The shrinkage was predominantly axial and the cross section is fairly consistent until the very end. I may have run out of material but the ends are square so they probably reached the end at one point. Also the gaps on each end are very similar. I was not sure how well injecting from the middle would work but it turned out OK.
I made two cuts, each one 25mm from the center. The cross sections are shown below. Yep, it looks like a Mounds candy bar. The initial (black) plastic coats the walls and the rest squeezes through the center. Very surprised that both pieces look almost identical even though they are from different sides. Still can’t explain why the sprue is the black plastic. On future parts, I will try to really mix colors well and use smaller pieces to see if you can get that cool multi-color result without milling the surface.
Overall I’m happy with the result. My desktop machine is limited in height/stroke but I think the arbor press design that PP.org has https://precious-plastic.org/home/library/machines/arbor-injection-press-2/ could be sized up to produce parts at least twice that size, which would become interesting lumber.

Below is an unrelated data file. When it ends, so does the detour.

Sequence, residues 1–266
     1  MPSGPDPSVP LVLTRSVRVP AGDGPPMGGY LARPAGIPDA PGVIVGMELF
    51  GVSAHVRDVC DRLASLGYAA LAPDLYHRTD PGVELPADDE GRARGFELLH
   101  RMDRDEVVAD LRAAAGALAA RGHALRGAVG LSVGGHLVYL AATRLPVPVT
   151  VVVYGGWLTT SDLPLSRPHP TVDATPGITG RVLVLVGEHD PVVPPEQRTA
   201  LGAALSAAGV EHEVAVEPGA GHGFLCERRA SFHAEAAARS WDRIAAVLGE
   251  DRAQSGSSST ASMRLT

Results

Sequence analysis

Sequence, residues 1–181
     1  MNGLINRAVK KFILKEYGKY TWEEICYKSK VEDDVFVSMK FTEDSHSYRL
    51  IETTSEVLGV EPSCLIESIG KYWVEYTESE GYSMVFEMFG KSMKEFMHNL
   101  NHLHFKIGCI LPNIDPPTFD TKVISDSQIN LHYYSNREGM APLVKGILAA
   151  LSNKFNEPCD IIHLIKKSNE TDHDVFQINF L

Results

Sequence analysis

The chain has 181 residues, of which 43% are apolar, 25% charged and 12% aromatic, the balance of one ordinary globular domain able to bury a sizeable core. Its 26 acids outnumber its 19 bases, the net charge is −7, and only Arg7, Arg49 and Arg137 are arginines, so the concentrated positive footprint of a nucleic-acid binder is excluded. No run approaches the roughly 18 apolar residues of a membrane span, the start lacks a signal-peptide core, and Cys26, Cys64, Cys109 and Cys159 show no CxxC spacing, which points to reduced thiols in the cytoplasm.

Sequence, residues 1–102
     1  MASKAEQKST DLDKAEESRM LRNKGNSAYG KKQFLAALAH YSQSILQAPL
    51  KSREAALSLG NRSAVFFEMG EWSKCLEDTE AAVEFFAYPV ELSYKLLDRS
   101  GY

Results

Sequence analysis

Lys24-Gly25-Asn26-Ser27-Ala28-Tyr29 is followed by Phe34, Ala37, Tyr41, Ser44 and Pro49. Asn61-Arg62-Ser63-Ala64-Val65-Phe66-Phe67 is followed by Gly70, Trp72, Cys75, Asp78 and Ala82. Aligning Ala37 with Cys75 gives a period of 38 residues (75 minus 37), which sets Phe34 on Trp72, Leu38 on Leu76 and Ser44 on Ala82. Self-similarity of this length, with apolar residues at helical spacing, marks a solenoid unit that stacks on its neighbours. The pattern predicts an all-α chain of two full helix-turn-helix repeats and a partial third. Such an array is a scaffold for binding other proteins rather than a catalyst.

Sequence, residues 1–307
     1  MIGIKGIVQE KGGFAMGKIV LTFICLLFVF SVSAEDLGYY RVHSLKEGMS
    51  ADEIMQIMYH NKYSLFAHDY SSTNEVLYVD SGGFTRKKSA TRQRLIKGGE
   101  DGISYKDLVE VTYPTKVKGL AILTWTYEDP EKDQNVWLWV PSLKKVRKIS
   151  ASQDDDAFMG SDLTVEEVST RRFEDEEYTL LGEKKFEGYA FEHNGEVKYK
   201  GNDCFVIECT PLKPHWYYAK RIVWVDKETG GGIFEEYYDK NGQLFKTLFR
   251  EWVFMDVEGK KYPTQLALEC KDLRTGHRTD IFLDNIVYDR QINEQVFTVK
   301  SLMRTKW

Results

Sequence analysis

I replaced the original handle that was way oversized (78 cm) for plastic to something more compact. I also angled it so it does not swing past my forehead like the original. Of course, I adopted the PP.org standard of contrasting colors for machines.
I wanted a plastic pre-processor to deal with the thicker source material (bleach bottles, plant pots, etc.). I went with using the metal shear approach suggested in this thread https://davehakkens.nl/community/forums/topic/precious-plastic-version-4-%f0%9f%98%ae/page/5/ . I got one of the 30 cm metal shears. First off, the thing is a beast. In my defense, it looks smaller on the computer monitor and the cost savings for going smaller wasn’t that great.
Well, it works great. I squish the bottle using user mass and gravity and then a few chops later it is sized to fit into the injection machine.
For those with a shredder, it is an easy and safe way to get down to single ply material for the thicker stuff.
I will be making a shorter, forward angled handle for use with plastic.
Thank you for the great link. Making a temperature resistant mold in the DIY environment/budget is a challenge. I’m planning some more trials with the plaster technique. That may be a way to bridge to 3D prints.